Essay on “Gulliver’s Travels” by Jonathan Swift

  1. Lemuel Gulliver is one of the most vivid and bright characters from the Gulliver’s Travels by Jonathan Swift that can be discussed in terms of morality and fictional integrity. This side of character analysis means that a character possesses high moral principles and is inherent in strong refusal to yield to corruption at the same time adhering to a code of strong moral principles.  At first glance it seems that Gulliver dreams of material pleasures and values: My Father had a small Estate in Nottinghamshire; I was the Third of five Sons. . . . I was bound Apprentice to Mr. James Bates, an eminent Surgeon in London . . . my Father now and then sending me small Sums of Money. . . . When I left Mr. Bates, I went down to my Father; where, by the Assistance of him and my Uncle John . . . I got Forty Pounds, and a Promise of Thirty Pounds a Year. (Swift) However he is not a coward and fights for justice. On the contrary, Gulliver undergoes a terrible experience of nearly escaping the death of being devoured by a giant rat, imprisoned by pirates, sexually assaulted by a small girl, shipwrecked on unknown shores and shot with poison arrows. And that is definitely not all, as he endures a 16-year isolation from people and this is very hard to bear. But Gulliver is so brave and modest that he rarely talks about those things.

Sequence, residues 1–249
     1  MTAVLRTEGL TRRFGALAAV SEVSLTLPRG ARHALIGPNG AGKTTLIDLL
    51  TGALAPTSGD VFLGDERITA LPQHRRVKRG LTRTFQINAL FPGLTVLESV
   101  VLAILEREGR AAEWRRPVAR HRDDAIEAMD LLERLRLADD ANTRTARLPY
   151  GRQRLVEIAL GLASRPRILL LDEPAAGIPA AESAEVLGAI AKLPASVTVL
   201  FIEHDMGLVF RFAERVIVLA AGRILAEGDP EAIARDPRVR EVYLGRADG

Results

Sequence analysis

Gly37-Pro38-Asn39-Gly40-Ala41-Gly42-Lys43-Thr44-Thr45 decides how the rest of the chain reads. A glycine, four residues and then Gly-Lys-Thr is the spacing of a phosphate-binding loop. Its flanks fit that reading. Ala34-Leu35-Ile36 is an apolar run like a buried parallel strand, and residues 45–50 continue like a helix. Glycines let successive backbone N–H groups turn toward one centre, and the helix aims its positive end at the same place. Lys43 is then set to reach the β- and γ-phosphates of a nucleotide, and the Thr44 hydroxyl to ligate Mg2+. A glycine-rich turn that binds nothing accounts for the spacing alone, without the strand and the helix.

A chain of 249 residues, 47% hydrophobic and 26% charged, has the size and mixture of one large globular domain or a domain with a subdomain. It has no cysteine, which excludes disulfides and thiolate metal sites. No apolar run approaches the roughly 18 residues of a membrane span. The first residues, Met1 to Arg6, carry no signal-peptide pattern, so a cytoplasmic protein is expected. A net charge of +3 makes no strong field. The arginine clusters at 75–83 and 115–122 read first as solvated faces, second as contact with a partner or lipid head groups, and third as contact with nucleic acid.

1. The reason why Pamela, the main character of the novel by S. Richardson Pamela, or Virtue Rewarded, is sometimes regarded as prostitute, is rather vivid. It is not always easy to see the subtle fringe between moral behavior and the visibility of it. However, she is not a prostitute at all. She first faces the wrong attitude of society after her mother dies and she, a 15-year-girl, faces the sexual harassment of her employer. She is offended and upset, for she has nothing to do with her master’s behavior and everything she needs is work and a place where to eat and to sleep. Pamela’s words sound a little ironically while mentioning a gentleman. When she first realizes what her master is planning to do with her and her body, her only expression is offended propriety and moral outrage: This very gentleman (yes, I must call him gentleman, though he has fallen from the merit of that title) has degraded himself to offer freedoms to his poor servant! (Richardson) The situation gets more complicated after she falls in love with her persecutor and answers his feelings. However, it can be easily explained why she is often considered to be a prostitute, and why she is not. Being a servant, she gets money for her job. Prostitutes also get money for what they do. However, the job of a prostitute and the job of a servant differ in one aspect: loyalty. A prostitute must be a professional in what she does. This is what she gets her money for. But a servant must be loyal to his or her master and doing his or her job well, servants get paid for their loyalty. Pamela’s aim at serving was to show her loyalty to the family she lived and served in. Thus, by no means she is a prostitute.

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